Viewpoint: Finding Quakerism on My Own

I first began checking out Quakerism about ten years ago, after a decades-long avoidance of organized religion. I was raised in an especially harsh strain of Catholicism. My understanding of the Abrahamic and mainstream religions was that they required the same unquestioning demand of followers and the same calls for women’s subordination. After an upbringing of hearing “Nice women don’t go to college” and “You aren’t meant to understand this; we’re telling you to believe it, so believe it,” I’d developed an aversion to organized religion. Once I broke free of the blind following—and instilled fear—of my family elders, it seemed to me that we are all endowed by a Spirit with brains that are meant for thinking for ourselves—women as well as men. And I was no longer convinced of the existence of a Spirit.

I’m sure I needed those years as a free-range, spiritual-but-not-religious being before I could develop an openness to organized religions. If I was going to join a religion, it was going to have to honor my right and responsibility to be true to myself and to think for myself. And after my upbringing of elders reprimanding me for my “boldness” and “impudence,” I needed remedial coaching in how to be bold and impudent. During those nonreligious years, I grew the skills of questioning I needed to follow a religion with inner strength.

Quakerism called to me once I’d reached a place of self-confidence. I admire Quakerism for the testimonies, the history of activism for women’s rights and the abolition of slavery, and the respect for Friends’ rights to question and to think independently. Learning about these beliefs felt like I’d emerged from one of Plato’s caves to feel the warmth of the sun on my face for the first time. I became an attender at Central Philadelphia (Pa.) Meeting, feeling ready to dwell in a house of worship for the first time in years. Silent worship is suited to my psyche. I heard Friends stand and minister, free to do so. I savored feeling free to be still and silent and to wait for Spirit or inspiration to come to me, and I felt free to call it “inspiration” or any other name that fit for me.

I’m ready for an association with Quakerism, but I still balk at membership. The hang-up is in me, not in Quakerism and not with Friends. I’m still unsure about my “faith.” I’m not 100 percent convinced that every conflict on earth—for instance, those arising from terrorist organizations like ISIL and Boko Haram—can be overcome only with negotiation. I don’t feel led to study the Bible. I do become contemplative and still in meeting, but I’ve never felt the presence of a Divine.

If I’m to feel ready to become a Friend, I have an obligation to bring to Quakerism the right inner spirit. True, Friends don’t follow a dogma, and that’s a big selling point of Quakerism for me. But Friends must stand for beliefs. I haven’t yet shed my associations of the Bible with repression. The same legacy that drew me to Quakerism also holds me back from becoming a Friend. This is a task and a journey I’m still undertaking.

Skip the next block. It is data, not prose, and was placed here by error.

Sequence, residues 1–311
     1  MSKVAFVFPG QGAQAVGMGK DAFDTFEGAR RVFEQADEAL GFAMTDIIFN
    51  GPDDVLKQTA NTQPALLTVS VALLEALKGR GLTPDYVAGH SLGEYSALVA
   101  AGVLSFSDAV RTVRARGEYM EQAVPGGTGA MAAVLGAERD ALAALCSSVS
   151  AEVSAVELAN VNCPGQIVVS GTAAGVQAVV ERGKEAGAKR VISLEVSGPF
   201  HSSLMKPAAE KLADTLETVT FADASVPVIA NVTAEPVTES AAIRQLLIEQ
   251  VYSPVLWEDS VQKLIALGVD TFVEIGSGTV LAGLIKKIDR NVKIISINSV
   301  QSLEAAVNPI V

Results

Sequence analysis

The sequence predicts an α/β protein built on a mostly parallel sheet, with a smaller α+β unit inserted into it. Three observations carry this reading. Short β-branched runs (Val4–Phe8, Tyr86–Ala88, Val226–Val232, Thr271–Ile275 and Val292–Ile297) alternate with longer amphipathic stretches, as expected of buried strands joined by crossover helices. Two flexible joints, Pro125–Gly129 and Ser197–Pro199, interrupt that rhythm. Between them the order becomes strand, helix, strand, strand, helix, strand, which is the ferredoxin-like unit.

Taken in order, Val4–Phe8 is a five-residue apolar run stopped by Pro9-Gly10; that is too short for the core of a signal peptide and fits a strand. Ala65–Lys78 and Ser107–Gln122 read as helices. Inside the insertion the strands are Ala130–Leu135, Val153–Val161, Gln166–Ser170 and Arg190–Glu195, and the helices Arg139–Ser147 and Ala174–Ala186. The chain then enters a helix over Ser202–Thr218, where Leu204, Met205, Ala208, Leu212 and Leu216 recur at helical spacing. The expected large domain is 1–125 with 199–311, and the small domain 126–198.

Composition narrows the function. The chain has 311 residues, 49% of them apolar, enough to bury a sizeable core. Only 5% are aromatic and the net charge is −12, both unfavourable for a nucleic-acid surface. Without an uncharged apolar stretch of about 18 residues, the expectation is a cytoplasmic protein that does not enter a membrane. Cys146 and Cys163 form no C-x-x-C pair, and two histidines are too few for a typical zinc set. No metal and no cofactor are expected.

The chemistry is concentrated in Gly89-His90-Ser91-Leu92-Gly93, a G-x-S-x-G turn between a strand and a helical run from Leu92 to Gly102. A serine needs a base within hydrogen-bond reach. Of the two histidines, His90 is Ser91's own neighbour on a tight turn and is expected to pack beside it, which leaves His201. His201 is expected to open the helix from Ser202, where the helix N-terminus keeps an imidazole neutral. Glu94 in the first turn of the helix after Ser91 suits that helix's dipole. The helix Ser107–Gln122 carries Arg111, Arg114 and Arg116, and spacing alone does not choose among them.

2 thoughts on “Viewpoint: Finding Quakerism on My Own

  1. I’ve been through a journey quite similar to yours. I was raised in the Mormon (LDS) church and I too understand the damage that fanatical conformist religion does to our psyche. I’ve had to overcome some of my own hangups. I’ve had to allow Quaker teaching to redefine words that used to be used as chains to bind people to practice, rather than free them to connect with God. I have recently started attending the Salt Lake City, UT Monthly Meeting.

    I am sorry to hear that you’ve not felt the presence of a Divine. It can be difficult to determine whether the feelings come from the light within or a light without, because it feels so comfortable and familiar, like a part of us. And that’s because it is! So it can be hard to realize when it comes from without and when it comes from within. I find it comes from without in my darkest times because in those times, I am not in the right frame of mind to listen to light from within… so it must be strengthened from without.

    I’ve been able to overcome my hangups with the Bible because Quakers have helped me realize that it is an imperfect book. My former faith felt it was imperfect too, but blamed those on “bad translations”. So in other words, they taught it was all good except where translated badly. (Like I could tell when, right?!) But Quakers teach that books are written by humans – just like you and I – that felt inspired by the same Spirit we can seek. Quakers gave me room to realize that the repressive and anachronistic parts of the Bible are not of God, but are ideas of the men who wrote the book. They ask that we read books with the Spirit to find the truths that resonate with us while discarding the rest.

  2. Thank you for posting this. My father was Quaker and mother was Methodist. I was raised in the Methodist faith and served in the church as organist, choir director, Sunday school teacher, board of directors, sexton – you name it! I finally left the church because I was just doing a job and not really worshiping. Since I left the church, I have grown closer and closer to God. I am intrigued by the Quakers. I like sitting quietly and waiting on God’s word to me. But I find that the Quaker churches around here are extremely politically active, which I do not care for. I’m at a crossroads.

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